By David Sharpley
In 1830 the world’s first inter-city passenger railway started in England, operating between Liverpool and Manchester. It signaled the advance of the new technology that would power the industrial economies of the nineteenth century. However, achieving significant change takes time. Letters would continue to be carried by horse-drawn Mail Coaches for many years, and the fee was usually paid by the recipient. It was an expensive service, and people could refuse to receive the mail. It required an outsider, Rowland Hill, to achieve change.
Rowland Hill (1795-1879) was a teacher and social reformer. He took the initiative in addressing the shortcomings of the old postal system. He proposed a new approach, which required a prepaid adhesive stamp that could be fixed to the letter. His suggestions were initially rejected, but he published a pamphlet to promote his ideas. Today, it could be a social media campaign. In Post Office Reform: Its Importance and Practicability, Volume 1 (1837) Hill notes in the Preface: It should be remembered, that in few departments have important reforms been affected by those trained up in practical familiarity with their details. The men to detect blemishes and defects are among those who have not, by long familiarity, been made insensible to them.
The report called for low and uniform rates according to weight, rather than distance. Opposition to Hill’s ideas was deep-rooted. The Postmaster denounced Hill’s “wild and visionary schemes.” The Secretary to the Post Office, said “this plan appears to be a preposterous one, utterly unsupported by facts and resting entirely on assumption”. Looking back, we can see that this reflected ‘FELT Thinking’ and the #FELTDeficit characterized by an inability to shift mindset.
Hill saw that reform would enable poorer people to exchange letters and this would help finance the system. The appendix to his proposal highlighted two significant points:
* That cheap communication by post would afford highly important facilities to the collection and diffusion of information, and thus greatly accelerate the education of the people.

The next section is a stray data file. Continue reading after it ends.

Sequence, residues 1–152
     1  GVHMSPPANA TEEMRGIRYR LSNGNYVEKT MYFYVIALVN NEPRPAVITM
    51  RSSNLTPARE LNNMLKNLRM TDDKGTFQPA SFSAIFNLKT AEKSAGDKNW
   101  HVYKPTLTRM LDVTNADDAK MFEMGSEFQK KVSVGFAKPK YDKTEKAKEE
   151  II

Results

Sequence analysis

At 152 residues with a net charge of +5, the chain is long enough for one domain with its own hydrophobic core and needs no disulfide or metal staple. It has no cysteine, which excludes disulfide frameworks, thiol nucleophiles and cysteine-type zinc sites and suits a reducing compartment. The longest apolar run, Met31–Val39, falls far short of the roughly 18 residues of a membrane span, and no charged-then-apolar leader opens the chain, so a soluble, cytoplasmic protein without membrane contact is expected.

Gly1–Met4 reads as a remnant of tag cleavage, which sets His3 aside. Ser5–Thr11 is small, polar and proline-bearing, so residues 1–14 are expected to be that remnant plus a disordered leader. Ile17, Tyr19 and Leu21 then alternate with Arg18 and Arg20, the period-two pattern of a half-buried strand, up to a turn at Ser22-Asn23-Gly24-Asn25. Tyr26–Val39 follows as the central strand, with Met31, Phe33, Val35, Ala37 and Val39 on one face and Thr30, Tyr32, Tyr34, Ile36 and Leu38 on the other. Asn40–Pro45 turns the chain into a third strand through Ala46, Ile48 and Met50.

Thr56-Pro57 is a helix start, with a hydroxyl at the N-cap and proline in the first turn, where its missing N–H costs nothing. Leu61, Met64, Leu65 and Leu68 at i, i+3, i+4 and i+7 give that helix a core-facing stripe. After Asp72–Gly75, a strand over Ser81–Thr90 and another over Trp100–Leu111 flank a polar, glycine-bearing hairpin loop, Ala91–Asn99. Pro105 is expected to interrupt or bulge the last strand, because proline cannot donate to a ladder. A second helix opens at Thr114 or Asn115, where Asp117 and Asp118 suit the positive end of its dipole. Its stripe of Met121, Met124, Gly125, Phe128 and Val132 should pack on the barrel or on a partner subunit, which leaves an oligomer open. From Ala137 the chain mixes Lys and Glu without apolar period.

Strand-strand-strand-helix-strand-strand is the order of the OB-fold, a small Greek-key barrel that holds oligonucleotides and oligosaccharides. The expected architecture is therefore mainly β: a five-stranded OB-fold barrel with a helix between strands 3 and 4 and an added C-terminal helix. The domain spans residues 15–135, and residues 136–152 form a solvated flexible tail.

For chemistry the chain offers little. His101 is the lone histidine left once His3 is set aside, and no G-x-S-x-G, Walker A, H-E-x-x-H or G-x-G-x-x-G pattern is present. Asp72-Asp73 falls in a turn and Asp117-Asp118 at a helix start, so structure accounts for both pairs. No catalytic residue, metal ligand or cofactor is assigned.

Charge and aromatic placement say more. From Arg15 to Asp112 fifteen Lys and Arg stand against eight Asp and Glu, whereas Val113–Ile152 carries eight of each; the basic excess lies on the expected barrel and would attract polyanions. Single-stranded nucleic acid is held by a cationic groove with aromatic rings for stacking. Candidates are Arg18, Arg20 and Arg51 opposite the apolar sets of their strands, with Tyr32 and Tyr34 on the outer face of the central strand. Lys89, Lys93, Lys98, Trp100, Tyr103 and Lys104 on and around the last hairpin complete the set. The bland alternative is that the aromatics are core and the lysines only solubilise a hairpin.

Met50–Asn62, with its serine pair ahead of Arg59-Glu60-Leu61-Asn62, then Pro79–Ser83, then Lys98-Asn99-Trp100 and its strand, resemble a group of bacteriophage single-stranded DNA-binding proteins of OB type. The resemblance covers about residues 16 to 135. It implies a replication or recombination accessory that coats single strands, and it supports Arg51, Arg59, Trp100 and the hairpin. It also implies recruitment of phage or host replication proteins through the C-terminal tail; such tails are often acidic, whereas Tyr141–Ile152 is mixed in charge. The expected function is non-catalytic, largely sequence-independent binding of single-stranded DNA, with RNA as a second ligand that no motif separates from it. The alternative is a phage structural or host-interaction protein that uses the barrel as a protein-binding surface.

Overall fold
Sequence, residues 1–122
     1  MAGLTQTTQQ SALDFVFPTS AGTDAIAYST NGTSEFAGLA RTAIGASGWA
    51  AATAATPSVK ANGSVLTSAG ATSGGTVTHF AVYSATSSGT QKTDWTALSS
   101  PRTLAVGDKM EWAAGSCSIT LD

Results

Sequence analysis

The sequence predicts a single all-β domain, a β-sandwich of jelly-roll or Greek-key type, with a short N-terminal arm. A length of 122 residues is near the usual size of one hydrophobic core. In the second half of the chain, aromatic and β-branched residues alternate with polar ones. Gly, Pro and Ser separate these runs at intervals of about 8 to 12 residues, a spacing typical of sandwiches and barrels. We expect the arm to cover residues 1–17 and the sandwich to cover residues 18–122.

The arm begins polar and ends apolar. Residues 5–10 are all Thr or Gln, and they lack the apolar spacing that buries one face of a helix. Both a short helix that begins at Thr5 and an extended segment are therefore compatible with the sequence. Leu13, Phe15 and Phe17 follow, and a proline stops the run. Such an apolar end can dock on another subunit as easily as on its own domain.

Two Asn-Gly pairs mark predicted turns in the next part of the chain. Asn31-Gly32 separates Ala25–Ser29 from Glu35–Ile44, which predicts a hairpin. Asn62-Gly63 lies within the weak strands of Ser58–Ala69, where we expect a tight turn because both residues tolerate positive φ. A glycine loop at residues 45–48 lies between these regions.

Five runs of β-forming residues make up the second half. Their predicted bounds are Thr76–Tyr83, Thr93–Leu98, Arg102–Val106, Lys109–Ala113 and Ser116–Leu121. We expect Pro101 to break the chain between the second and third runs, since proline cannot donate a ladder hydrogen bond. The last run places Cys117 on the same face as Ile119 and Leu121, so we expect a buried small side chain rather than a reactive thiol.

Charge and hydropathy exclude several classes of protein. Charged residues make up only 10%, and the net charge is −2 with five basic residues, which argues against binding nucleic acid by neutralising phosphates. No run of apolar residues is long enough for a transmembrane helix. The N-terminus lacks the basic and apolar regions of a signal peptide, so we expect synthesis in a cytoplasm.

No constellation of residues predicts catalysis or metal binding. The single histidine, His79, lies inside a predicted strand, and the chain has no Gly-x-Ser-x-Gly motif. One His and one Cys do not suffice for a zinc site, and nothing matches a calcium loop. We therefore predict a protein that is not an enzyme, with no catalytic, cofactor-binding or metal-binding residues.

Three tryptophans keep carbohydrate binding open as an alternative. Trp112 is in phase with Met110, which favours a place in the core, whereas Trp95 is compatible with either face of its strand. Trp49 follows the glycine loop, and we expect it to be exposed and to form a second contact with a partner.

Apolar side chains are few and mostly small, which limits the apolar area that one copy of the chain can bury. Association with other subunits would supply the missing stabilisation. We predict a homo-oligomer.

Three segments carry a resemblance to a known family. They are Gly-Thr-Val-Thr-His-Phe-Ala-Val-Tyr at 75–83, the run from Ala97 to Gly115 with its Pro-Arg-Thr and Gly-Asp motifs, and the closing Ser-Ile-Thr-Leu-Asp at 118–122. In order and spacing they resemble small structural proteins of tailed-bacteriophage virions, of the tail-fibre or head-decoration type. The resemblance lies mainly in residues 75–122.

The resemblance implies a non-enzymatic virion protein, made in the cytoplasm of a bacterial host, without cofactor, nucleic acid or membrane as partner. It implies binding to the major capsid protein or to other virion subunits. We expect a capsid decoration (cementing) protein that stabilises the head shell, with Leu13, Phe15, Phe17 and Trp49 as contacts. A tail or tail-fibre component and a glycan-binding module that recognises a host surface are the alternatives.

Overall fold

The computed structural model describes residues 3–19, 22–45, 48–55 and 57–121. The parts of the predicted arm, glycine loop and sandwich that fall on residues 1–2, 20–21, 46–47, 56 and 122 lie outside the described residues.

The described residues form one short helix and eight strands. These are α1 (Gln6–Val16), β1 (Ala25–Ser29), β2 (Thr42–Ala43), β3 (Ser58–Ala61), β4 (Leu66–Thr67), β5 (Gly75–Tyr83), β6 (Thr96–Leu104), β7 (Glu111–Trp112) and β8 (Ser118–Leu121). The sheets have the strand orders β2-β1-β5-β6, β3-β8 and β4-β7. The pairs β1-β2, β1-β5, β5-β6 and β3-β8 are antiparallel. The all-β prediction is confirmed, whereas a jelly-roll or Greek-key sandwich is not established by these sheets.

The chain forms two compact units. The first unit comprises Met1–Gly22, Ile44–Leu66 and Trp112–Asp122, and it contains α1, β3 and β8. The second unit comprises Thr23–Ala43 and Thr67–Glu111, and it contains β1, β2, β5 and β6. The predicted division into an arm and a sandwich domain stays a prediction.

* That the present rates of postage, so far from the forwarding these facilities, constitute a serious tax on literature, creating obstacles, or involving expenses, in almost every stage of the progress of a literary work.
Hill’s proposals made sense to people in business. There was authenticity and integrity in his approach, which shaped by shared value.
His achievement is worth noting because it demonstrates the importance of positive, proactive behavior. He totally changed the Rules of the Game relating to postal systems. His story also demonstrates that perseverance is required to change outdated ideas anchored in old assumptions. It requires more energy to do something new, and there will always be vested interests supporting the status quo. However, Hill recognized that by reducing cost, it would be possible to increase volume and profitability, and this would then transform the underlying business model. The first adhesive, Penny Black stamp was issued 1 May 1840. His contribution was recognized in 1860 when he was knighted and became Sir Rowland Hill.
The importance of a positive, proactive approach is discussed in ‘Seven Principles for Exceptional Performance’… Copyright © 2019 David Sharpley Chartered Psychologist. For more information, go to Pario… http://pariocoachingtools.com/7-principles-summary.html…
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